And yet, he seems to get away with this, in a way that Burnham doesn’t. His low-level duplicity is factored in, and it’s hard to judge him for it because, well, it’s just what he’s like, isn’t it? For a long time, the Tory leadership’s line on London’s last mayor was “Boris is Boris”, meaning, look, we don’t trust him either, but what you gonna do? Well: Sadiq is Sadiq.

Even the names we refer to them by suggest that one of these two guys is viewed very differently from the other. I’ve instinctively slipped into referring to the mayor of London by his first name: he’s always Sadiq, not Khan, just as his predecessors were Boris and Ken. But, despite Eoin Clarke’s brief attempt to promote his 2015 leadership campaign with a twitter feed called “Labour Andy”, Burnham is still Burnham: formal, not familiar.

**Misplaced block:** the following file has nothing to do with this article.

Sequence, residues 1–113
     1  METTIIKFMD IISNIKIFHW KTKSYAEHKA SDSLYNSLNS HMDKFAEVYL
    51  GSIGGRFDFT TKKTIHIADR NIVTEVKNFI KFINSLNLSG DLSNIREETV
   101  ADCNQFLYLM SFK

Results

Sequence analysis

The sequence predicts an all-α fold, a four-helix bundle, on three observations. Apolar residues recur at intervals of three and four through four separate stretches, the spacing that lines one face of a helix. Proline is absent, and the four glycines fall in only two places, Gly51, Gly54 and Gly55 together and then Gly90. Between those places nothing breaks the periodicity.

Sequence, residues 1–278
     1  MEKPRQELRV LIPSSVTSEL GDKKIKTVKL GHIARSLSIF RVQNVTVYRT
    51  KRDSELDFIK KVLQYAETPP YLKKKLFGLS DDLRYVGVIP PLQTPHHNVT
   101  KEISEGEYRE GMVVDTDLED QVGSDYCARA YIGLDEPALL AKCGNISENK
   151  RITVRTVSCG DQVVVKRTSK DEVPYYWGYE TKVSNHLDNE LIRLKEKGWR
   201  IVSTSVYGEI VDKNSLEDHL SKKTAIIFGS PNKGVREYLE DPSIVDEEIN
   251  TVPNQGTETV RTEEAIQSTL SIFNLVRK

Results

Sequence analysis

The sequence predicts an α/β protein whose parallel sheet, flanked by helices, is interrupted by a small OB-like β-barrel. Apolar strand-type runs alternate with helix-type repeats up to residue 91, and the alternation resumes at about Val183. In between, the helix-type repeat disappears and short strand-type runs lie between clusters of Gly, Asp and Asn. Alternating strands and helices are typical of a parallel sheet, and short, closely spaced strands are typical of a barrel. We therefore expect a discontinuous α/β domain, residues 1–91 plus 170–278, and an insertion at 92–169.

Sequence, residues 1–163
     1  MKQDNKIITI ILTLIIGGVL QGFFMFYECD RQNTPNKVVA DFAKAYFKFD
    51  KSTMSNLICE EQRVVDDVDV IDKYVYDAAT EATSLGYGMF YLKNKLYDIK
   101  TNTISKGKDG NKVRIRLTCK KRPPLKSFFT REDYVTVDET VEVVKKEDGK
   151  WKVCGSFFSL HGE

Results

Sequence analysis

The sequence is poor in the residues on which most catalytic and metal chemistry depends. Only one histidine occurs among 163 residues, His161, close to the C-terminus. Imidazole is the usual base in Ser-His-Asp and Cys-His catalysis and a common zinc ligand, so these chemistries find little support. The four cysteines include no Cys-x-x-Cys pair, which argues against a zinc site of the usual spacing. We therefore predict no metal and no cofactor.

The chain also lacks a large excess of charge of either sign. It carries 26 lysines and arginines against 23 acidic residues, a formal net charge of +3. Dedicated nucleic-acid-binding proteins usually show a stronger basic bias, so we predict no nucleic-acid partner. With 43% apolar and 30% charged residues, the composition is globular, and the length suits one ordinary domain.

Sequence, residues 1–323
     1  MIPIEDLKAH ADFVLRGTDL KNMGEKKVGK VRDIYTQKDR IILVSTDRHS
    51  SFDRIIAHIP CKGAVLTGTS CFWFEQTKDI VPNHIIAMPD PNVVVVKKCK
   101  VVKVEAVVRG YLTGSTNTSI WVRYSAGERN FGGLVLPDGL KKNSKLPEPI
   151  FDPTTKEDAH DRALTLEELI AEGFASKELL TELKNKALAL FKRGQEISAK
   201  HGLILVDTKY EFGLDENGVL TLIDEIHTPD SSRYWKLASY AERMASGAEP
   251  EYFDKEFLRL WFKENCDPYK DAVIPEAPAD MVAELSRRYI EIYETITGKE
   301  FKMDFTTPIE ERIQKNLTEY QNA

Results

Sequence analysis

I’ve a few theories to explain all this, though I’ve no idea which is correct. For a while I’ve assumed it’s about sincerity. When Sadiq Khan mentions his dad’s bus for the 257th time in a day, he does it with a wink to the audience, making a crack about the fact he won’t stop going on about it. That way, the message gets through to the punters at home who are only half listening, but the bored lobby hacks who’ve heard this routine two dozen times before feel they’re in the joke.

Burnham, it seems to me, lacks this lightness of touch: when he won’t stop banging on about the fact he grew up in the north, it feels uncomfortably like he means it. And to take yourself seriously in politics is sometimes to invite others to make jokes at your expense.